Turbomeca, Sagem Serve Customers with Technology
With improved customer service finding new emphasis in many boardrooms–and aftermarket support becoming a growing revenue source–Safran subsidiaries Turbomeca and Sagem Avionics recently unveiled plans that highlight the roles technology can and will play in delivering support services.
Turboshaft manufacturer Turbomeca of Bordes, France, announced at Heli-Expo in February a new customer service portal, Boost (Bank Of Online Services and Technologies), designed to provide a range of à la carte, web-based engine and maintenance management services. Developed with IBM, Boost will include flexible and adjustable service modules such as trend monitoring and advanced troubleshooting tools, and allow operators to manage engine configurations, all customized to the needs and budgets of individual operators.
“We are the only company to offer management of the engine configuration through the Internet, the first OEM to share this capability with customers,” said Franck Saudo, Turbomeca’s general director for operator clients.
The service will be sold through per-engine annual subscription to the company’s SBH (Support by the Hour) customers, and the portal, now in testing, is expected to go live by the end of this year or early next. Pricing has not been set yet.
Subscribing operators will be able to share information with Turbomeca and among themselves, link electronic engine logbooks to the latest version of the IETP, and receive alerts about scheduled maintenance, engine events and new and updated technical publications. Boost can also track maintenance schedules and help ensure stocks of parts and other materials are optimized.
Turbomeca has worked with the EASA and the FAA to ensure Boost’s electronic record keeping and other applications meet all regulatory requirements. Saudo said throughout development the company worked “hand in hand with a team of customers” to ensure the product meets the needs of owners and operators.
At Heli-Expo, Turbomeca demonstrated the system on a large touchscreen monitor at the Safran booth. The interface is simple, the menus easy to navigate, and information presented logically and without clutter. The app presents the operator’s fleet by registration number, and selecting an aircraft brings up information on its engine(s), at which point data can be examined, logbook entries made, or changes in engine operating configurations input. Changing the configuration on Boost simply updates the engine logbook, but Turbocmeca is developing radio frequency identification tab technology that would enable wireless transmission of data between an engine and Boost.
“Our customers have to make difficult [configuration] decisions, and we want to bring our OEM knowledge through the Internet to facilitate these decisions,” said Saudo. “That will bring increased efficiency and safety to their operations, and that’s really what Boost is about.”
At Turbomeca’s annual Heli-Expo press conference, chairman and CEO Olivier Andries identified increasing customer loyalty as one of four strategic pillars of the company’s future growth. Boost is the centerpiece of the added value services component of Turbomeca’s loyalty-building strategy, a pillar the company admits needs buttressing.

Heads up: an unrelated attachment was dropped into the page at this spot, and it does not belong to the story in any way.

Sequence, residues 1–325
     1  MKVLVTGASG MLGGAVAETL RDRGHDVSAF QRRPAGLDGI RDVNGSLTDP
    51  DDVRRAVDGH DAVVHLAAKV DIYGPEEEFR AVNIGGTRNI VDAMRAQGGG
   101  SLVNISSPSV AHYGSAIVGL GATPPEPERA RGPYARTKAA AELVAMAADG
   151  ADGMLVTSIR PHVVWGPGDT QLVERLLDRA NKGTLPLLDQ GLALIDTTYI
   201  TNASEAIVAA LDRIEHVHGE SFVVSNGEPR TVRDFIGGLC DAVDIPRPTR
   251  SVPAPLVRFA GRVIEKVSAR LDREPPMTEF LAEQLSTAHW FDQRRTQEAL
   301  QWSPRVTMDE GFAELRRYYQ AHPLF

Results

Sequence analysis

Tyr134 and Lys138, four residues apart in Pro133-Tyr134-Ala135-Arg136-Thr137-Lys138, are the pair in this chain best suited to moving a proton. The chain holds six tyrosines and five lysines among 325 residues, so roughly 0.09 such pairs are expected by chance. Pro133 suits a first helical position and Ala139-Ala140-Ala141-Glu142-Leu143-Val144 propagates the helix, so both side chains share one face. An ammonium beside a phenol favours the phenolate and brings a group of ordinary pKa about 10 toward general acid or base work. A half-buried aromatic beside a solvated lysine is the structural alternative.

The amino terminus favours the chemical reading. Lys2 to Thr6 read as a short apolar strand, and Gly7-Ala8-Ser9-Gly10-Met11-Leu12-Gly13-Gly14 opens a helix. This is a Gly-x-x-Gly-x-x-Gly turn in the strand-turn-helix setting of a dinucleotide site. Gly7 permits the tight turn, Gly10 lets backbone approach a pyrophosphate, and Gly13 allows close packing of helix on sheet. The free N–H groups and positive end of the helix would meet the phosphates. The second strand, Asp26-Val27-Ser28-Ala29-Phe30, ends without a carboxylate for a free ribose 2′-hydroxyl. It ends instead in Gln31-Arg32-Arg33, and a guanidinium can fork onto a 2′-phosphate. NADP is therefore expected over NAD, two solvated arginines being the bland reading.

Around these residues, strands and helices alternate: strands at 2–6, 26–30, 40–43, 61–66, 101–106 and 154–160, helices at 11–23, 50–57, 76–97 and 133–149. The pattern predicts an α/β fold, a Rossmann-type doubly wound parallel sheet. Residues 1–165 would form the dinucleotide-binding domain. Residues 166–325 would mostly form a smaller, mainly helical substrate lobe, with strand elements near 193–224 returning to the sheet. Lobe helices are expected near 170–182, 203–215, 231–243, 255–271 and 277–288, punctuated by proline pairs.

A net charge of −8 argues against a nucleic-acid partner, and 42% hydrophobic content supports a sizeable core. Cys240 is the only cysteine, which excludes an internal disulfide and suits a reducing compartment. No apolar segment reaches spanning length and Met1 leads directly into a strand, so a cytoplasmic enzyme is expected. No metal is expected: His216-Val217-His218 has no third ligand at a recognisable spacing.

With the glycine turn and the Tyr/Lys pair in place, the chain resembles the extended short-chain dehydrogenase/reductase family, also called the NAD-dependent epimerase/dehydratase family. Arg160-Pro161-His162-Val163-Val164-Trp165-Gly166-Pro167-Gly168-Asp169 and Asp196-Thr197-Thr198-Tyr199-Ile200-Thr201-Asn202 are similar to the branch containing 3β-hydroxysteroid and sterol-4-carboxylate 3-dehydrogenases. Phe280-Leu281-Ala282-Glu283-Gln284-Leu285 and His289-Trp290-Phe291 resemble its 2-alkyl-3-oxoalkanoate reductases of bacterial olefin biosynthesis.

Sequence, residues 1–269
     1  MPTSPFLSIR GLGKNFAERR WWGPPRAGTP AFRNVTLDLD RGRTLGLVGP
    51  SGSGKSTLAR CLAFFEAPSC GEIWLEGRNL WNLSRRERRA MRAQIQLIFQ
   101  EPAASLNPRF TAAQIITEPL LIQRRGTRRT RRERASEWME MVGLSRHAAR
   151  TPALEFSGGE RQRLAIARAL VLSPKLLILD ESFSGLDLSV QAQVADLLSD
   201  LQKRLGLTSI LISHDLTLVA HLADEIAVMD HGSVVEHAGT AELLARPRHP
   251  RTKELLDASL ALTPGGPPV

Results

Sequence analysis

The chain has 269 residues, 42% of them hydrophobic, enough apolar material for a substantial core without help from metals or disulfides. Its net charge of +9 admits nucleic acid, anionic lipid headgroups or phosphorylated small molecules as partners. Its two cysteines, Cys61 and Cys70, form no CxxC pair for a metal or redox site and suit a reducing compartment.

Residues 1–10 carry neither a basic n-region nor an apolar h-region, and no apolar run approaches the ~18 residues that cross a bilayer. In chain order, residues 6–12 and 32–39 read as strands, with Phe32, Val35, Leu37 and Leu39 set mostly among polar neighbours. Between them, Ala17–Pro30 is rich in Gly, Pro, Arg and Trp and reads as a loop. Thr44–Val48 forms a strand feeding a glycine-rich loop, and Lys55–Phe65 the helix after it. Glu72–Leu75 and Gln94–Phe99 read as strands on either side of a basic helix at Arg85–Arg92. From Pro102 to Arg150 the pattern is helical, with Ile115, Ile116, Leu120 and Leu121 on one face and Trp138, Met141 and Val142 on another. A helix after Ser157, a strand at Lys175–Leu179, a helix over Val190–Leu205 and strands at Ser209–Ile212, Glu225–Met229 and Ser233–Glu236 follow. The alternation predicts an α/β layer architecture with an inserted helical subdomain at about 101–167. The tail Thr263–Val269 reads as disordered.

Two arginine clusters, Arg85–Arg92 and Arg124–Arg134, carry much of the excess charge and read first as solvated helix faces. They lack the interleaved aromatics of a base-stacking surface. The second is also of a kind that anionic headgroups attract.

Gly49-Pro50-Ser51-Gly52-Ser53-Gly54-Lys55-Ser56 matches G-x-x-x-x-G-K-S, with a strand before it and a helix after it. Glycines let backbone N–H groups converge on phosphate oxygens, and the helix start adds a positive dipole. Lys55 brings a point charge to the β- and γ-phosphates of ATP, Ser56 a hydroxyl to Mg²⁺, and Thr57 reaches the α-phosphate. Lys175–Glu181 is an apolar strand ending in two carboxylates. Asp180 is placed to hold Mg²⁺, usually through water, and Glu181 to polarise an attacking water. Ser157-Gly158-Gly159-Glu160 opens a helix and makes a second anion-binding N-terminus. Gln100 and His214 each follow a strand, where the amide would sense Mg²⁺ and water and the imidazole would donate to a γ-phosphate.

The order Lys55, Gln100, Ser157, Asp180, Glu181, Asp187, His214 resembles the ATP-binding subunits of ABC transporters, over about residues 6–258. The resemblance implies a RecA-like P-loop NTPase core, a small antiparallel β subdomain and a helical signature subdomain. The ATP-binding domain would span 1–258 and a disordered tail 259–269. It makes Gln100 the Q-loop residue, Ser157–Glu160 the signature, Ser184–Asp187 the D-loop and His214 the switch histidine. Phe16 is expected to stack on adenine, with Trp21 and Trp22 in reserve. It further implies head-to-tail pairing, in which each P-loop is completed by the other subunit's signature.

“In terms of customer satisfaction, we’re not where we want to be,” said Saudo, who heads Turbomeca’s customer loyalty efforts. He singled out turnaround times on factory engine servicing as an area for improvement, where the company has set a goal of lowering average turnaround time to 50 hours per engine. “We are working on lean transformation of our processes and improving turnaround time,” Saudo said.
Cassiopee Flight Data Monitoring
Sister company Sagem Avionics of Paris launched its own web-based customer support platform, Cassiopee FDM, a global flight-data monitoring service, at the 2011 Paris Air Show, and the company is about to take the service to a new level of utility.
Unlike Boost and the engines it manages, Cassiopee isn’t supporting a product; it is the product. Cassiopee collects flight data and offers a comprehensive range of à la carte, web-based analysis and response services, which, like Boost, can be customized for each customer. With the system’s full capabilities deployed, Sagem analysts can, for example, respond to an engine anomaly while an aircraft is in flight, connecting Sagem’s experts, flight crew and airline company managers in real time, and the anomaly can be re-created, analyzed and diagnosed. Cassiopee has approximately 160 clients, mostly smaller airlines that lack the resources to own the sort of ops centers enjoyed by major airlines.
As embedded sensors make aircraft and engines smarter, the amount of collectible data is growing exponentially and the ability to analyze it is advancing. According to Philippe Arnaud, commercial director of Sagem’s avionics division, an Airbus A320 collects 15,000 to 20,000 different flight parameters on each flight, an A380 collects 150,000 to 350,000 and the new A350 will collect about 1.5 million parameters. Cassiopee provides predictive capability that enables the service to see problems coming and prevent them.
“Anticipating what can go wrong is a completely different approach,” said Arnaud. “This is really a big data management offering. It’s a good way for the end user to guarantee the aircraft will fly the maximum amount of time with the [fewest] problems.”